Partial government shutdown sends ripple effects throughout communities

Furloughed worker percentages for the Department of Commerce, NASA, Department of Housing and Urban Development, Department of the Interior and Department of Transportation. Source:

By Eitan Silver

Joy instantly permeated the air as Kim Danna-Mulick, a program manager overseeing grants for the U.S. Department of Housing and Urban Development, set foot into her office on Jan. 31. Upon entering, she learned that she was going to be paid for the first time in five weeks as she had been furloughed during President Trump’s partial government shutdown.

Lasting 35 days, this shutdown was the longest in U.S. history, surpassing the previous record of 21 days in 1995.

According to a fact sheet published by the Democratic staff of the Senate Appropriations Committee, the shutdown left 420,000 federal employees working without any pay, and furloughed another 380,000.

The shutdown was over a failure to pass a federal spending budget that allotted $5 billion for the construction of a wall on the Mexican-American border

Nicole Cantello, a representative of the Environmental Protection Agency (EPA) employees union AFGE Local 704 and a Lane mom, was furloughed and found herself working 9-10 hours a day trying to attain media attention on behalf of her union members during the shutdown. Extended closures, such as this one, affect government workers substantially.

“They are very traumatic to go through, and we desperately try to stop them from happening, if we can,” said Cantello.

Besides being the lengthiest, this shutdown was unique in many other aspects.

“Typically, when we have a shutdown situation, we see that both the Congress and the President are motivated to end it as quick as possible because it’s not popular amongst the people,” said Ms. Caracci, an AP U.S. History and AP U.S. Government and Politics teacher. “Neither the Congress nor the President seemed particularly motivated to end it.”

Many Americans saw no end in sight for the shutdown and could not predict its end. Caracci briefly thought about introducing a game where people formulate estimates of when the government would reopen, post them on a wall, and cross them off as each day passed.

However, on Jan. 25 a temporary deal was reached that funded the government through Feb. 15. Many were displeased with the deals tentativeness as it does not offer a long term solution.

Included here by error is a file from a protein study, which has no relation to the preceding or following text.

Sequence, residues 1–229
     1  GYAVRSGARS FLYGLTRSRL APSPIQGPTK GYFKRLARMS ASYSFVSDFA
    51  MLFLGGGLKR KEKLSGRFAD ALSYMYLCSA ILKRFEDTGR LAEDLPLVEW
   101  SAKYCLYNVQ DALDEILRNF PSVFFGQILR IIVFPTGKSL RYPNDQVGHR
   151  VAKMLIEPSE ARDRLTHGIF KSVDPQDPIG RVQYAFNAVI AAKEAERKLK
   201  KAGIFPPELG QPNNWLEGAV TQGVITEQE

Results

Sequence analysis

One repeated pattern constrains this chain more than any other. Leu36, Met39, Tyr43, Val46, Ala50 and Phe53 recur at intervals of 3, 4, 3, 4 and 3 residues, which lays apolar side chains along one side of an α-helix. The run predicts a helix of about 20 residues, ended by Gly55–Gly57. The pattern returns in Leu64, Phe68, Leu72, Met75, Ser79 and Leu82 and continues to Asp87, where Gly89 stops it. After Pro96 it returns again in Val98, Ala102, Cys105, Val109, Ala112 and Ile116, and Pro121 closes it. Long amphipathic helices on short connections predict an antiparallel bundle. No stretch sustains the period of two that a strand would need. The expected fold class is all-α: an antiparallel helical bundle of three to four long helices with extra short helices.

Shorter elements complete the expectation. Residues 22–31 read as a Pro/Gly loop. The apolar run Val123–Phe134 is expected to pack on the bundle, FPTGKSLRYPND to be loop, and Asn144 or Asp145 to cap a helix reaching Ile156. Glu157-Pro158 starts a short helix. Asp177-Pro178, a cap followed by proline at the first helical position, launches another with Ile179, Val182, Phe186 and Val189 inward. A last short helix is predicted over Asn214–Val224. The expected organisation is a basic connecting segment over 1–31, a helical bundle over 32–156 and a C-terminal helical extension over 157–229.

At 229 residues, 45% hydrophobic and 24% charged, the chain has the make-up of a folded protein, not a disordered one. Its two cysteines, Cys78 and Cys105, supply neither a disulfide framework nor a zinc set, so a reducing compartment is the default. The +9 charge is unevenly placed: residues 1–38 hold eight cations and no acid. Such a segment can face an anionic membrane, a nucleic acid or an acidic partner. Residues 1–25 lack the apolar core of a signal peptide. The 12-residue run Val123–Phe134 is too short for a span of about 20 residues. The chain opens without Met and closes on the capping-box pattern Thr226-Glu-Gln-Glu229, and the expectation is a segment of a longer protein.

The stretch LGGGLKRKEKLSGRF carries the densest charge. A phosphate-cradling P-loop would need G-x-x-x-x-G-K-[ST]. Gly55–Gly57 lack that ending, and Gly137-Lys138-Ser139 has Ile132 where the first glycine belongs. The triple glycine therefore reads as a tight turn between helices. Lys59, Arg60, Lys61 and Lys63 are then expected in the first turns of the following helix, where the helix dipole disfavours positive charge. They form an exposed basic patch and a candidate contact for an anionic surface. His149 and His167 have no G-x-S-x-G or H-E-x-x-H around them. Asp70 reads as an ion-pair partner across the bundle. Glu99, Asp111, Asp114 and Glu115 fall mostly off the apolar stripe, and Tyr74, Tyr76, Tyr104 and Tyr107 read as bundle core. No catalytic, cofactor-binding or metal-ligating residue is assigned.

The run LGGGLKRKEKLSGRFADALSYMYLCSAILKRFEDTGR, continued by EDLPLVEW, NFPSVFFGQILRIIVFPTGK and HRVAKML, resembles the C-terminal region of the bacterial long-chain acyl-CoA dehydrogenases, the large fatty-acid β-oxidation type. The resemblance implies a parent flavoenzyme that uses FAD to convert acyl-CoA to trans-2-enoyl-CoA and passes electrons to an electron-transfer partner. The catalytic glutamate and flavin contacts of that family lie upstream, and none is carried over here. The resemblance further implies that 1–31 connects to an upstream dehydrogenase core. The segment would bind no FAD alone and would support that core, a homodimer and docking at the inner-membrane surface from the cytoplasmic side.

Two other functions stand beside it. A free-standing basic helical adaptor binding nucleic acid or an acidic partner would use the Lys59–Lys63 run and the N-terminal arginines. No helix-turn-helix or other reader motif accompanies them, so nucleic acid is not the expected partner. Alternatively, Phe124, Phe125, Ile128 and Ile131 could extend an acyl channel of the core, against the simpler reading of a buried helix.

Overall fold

“I am never comfortable until a full appropriation is passed by Congress and signed by the President,” said Danna-Mulick, whose son graduated from Lane in 2018.

While the deal does not conclude the debate surrounding the border wall, Cantello still supports the plan that was reached to fund the government for the three weeks.

“I had people who had trouble putting food on the plate,” Cantello said. “To the extent of alleviating all of those problems, [I] can’t have any argument with that.”

According to Cantello, upon returning to work, many federal employees were completely overwhelmed as missed tasks quickly piled up.

“I don’t think anybody has adjusted at all,” Cantello said. “There is a whole bunch of work to do, and no one understands how to prioritize it, and no one’s got really good information on how to do that.”

Danna-Mulick shared a similar experience.

“It was frantic,” she said. “Employees couldn’t access the network and if you can’t access the network you can’t get to the federal treasury to deal with your money for your grantees.”

Many government workers are preparing for another shutdown after the temporary deal expires on Feb. 15. In order to soften the blow another shutdown would entail, Danna-Mulick and her colleagues have already began preparing safety measures by compiling a list of grantee priorities in case of another shutdown.

Although the shutdown is currently over, it has produced residual repercussions.

In 2013, the government shut down for 16 days over the failure to pass a budget that sufficiently funded Obamacare.

According to an article published by U.S. News, federal employees who worked without pay are still currently in the process of being reimbursed by the government, not only for their time, but also for accumulated interest due to missed payments from the 2013 shutdown.

In the end, the uncertainty of whether the government will shut down again is what haunts many, including Cantello.

“We think we know what is going to happen. We think we’ve lobbied for a certain thing. We think we have everything worked out, and then things don’t turn out the way that you think they will,” Cantello said. “We are preparing for the worst.”